The network is configured to grow as a self-organised network of key stakeholders. It is facilitated by the following key contributors.
Dr Anne Preston (Kingston Unviersity) and Dr Shaimaa Lazem (SRTA-City) lead on the formation and development of the Newton funded Institutional Link and the Hilali network from dual Human-Computer Interaction for higher educational and computing science perspectives.
Anne’s research, teaching and scholarship revolves around the emerging challenges and opportunities inherent in learning with, through and around digital technology, with a particular focus on higher education. Anne is interested in how teachers and students can be better enabled to take the lead in understanding and innovating in how technology can be designed, used and evaluated in their own learning spaces – from online to face-to-face interactions. She collaborates with people interested in technology from a whole range of education fields, from primary, secondary, higher and adult learning to industry leaders. Her practice-led research therefore brings together a range of perspectives merging ideas from psychology to software engineering to arts, design practice and human computer interaction. Anne is a Senior Lecturer in Learning and Teaching at Kingston University.
Shaimaa Lazem is an Egyptian computer scientist. She earned her PhD from the Department of Computer Science, Virginia Tech, USA in 2012. She then returned to Egypt to play a role, as a citizen and a researcher, in facing the societal challenges after the January revolution 2011. She holds an academic position at the City for Scientific Research and Technology Applications (SRTA-City). She focuses on the intersection between Human-Computer Interaction (HCI) and education. Her research program aims to develop a robust critique for the current agenda of integrating ICT in formal education, identify research gaps, and explore critical alternatives. Her research interests include educational technologies, game-based learning, and the design of innovative socio-technical learning environments for teaching computer science and HCI.
Professor Peter Stone, UNESCO Chair in Cultural Property Protection and Peace (Newcastle University, UK) advises on the development of collaborative and multi-organisational approaches to working with and across local communities in cultural heritage education. Professor Peter Stone OBE was appointed to the University of Newcastle in 1997. Since then he has become Director of the International Centre for Cultural and Heritage Studies (ICCHS) in the School of Arts and Cultures in 2001, and Head of School in 2006. His research and teaching focuses on heritage management, interpretation and education. In 2003 he was archaeological advisor to the UK Ministry of Defence prior to the invasion of Iraq and is currently involved in research into the practicalities and ethics of cultural heritage experts working with the military. In 2011 he was awarded an OBE in the 2011 Queen’s Birthday Honours List for services to heritage education. In addition to establishing the UNESCO Chair in Cultural Property Protection and Peace (2015), Peter is Chair of the UK Committee of the Blue Shield, a UNESCO affiliated organisation which coordinates action to protect cultural and natural heritage from wars and natural disasters.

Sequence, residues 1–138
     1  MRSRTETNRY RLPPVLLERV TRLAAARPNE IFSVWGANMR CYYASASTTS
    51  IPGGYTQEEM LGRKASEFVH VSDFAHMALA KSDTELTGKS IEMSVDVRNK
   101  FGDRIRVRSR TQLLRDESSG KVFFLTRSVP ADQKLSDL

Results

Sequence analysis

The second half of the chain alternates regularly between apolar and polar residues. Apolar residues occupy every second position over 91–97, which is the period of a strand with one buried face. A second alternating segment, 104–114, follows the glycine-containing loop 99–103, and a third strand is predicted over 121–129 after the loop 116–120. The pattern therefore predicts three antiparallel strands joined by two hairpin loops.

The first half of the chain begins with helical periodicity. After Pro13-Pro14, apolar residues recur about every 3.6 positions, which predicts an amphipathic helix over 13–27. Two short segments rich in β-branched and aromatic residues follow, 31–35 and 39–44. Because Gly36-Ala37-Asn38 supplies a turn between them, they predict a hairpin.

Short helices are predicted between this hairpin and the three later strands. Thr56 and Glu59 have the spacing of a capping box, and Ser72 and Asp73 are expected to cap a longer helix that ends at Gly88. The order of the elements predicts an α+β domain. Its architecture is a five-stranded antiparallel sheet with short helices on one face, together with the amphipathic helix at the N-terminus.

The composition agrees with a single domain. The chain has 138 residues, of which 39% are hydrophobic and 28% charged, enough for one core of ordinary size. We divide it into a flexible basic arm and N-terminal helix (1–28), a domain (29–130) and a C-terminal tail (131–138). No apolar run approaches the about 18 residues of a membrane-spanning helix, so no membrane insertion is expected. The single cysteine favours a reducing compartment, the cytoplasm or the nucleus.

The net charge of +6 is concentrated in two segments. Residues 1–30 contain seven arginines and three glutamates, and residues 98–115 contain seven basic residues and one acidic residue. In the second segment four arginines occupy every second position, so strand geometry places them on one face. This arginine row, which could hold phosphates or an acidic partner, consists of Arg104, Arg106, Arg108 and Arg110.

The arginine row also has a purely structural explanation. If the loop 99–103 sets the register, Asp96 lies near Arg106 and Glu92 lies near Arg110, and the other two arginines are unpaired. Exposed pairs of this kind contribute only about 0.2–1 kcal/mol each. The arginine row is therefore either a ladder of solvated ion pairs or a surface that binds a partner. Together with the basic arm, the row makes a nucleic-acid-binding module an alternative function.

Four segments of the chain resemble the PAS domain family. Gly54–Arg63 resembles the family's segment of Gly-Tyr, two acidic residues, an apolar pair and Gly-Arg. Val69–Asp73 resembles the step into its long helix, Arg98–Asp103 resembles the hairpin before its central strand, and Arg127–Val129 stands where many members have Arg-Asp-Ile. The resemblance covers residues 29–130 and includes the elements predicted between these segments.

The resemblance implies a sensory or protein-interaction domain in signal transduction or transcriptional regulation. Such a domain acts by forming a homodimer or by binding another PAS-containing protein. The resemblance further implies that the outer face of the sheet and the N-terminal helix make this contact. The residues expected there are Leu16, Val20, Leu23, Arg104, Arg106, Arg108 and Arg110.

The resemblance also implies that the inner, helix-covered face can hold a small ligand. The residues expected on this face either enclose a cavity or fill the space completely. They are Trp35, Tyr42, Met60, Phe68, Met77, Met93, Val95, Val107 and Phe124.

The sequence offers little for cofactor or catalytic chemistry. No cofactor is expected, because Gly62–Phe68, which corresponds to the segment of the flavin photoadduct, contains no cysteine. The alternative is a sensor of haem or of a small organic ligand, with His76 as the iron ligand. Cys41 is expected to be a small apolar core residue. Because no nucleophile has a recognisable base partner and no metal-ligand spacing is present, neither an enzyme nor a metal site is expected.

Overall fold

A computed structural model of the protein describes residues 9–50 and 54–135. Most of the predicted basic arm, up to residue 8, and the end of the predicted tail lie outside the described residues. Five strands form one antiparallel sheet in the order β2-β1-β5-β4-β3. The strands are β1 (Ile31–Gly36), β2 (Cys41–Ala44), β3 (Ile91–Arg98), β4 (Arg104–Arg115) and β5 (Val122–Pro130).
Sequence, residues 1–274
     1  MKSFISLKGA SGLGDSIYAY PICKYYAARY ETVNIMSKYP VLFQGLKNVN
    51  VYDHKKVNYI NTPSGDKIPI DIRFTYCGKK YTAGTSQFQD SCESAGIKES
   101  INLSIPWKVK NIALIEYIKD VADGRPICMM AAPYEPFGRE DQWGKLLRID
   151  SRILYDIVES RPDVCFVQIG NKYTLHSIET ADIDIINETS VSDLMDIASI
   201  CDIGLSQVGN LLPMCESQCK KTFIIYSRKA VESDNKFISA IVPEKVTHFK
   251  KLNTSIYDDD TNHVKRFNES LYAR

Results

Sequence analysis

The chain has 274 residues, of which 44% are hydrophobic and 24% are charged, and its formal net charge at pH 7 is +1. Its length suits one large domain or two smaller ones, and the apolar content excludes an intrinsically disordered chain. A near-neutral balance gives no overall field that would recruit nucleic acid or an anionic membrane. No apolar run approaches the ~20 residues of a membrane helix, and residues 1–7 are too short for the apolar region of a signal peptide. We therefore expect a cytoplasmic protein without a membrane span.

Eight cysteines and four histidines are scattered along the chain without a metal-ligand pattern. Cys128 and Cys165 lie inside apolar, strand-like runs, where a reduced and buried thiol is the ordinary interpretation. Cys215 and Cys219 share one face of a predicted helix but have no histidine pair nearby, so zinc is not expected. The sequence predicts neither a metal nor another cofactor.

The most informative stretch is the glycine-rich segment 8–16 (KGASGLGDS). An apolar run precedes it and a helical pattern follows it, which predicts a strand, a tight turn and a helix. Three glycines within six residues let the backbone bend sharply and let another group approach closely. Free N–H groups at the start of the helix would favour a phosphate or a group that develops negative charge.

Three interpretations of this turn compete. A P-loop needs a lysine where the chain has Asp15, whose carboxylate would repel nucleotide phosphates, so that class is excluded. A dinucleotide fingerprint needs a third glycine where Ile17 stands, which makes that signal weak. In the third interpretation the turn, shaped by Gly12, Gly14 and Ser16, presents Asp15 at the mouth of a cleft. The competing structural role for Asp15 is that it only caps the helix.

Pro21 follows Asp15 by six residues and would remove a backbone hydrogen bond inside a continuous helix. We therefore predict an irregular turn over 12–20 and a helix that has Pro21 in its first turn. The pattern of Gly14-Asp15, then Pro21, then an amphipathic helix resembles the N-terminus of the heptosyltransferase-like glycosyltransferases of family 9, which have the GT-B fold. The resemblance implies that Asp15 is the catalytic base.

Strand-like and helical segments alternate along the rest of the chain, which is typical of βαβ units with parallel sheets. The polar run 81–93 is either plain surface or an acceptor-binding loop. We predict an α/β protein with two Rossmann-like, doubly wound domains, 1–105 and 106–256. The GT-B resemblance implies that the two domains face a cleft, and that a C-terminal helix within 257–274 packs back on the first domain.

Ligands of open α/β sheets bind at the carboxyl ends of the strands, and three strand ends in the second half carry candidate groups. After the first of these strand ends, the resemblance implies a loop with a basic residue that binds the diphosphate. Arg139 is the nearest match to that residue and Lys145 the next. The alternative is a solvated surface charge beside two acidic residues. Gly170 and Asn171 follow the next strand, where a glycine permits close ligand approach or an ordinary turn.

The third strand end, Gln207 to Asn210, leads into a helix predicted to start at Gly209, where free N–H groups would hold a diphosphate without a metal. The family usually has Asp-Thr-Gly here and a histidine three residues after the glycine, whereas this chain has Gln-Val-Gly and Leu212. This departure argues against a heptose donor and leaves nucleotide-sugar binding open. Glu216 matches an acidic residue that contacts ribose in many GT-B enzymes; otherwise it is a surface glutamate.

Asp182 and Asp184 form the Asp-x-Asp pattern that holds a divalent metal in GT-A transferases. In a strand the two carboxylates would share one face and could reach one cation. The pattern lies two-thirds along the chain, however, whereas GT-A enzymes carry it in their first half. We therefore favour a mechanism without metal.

Dr Danilo Giglitto is an associate partner on the Hilali Network, having brought his cultural heritage and digital research skills and expertise to set up the network as a Research Associate. Prior to joining the Hilali Network, he was a PhD student at the University of Aberdeen funded by the “Cultural Heritage and Digital Society” scholarship. From 2013 to 2015, he was affiliated with the CURIOS project, a sub-project of the dot.rural Digital Economy Research Hub focusing on encouraging grassroots participation in local heritage. He is now working at Sheffield Hallam University in the creation of an ICT platform to facilitate social inclusion in cultural heritage initiatives and institutions.
Danilo’s doctoral research explored the use of wiki software for the creation of community-led intangible cultural heritage projects as a way to achieve an affordable and sustainable interactive digital presence for historical communities as well as an empowering tool for local communities.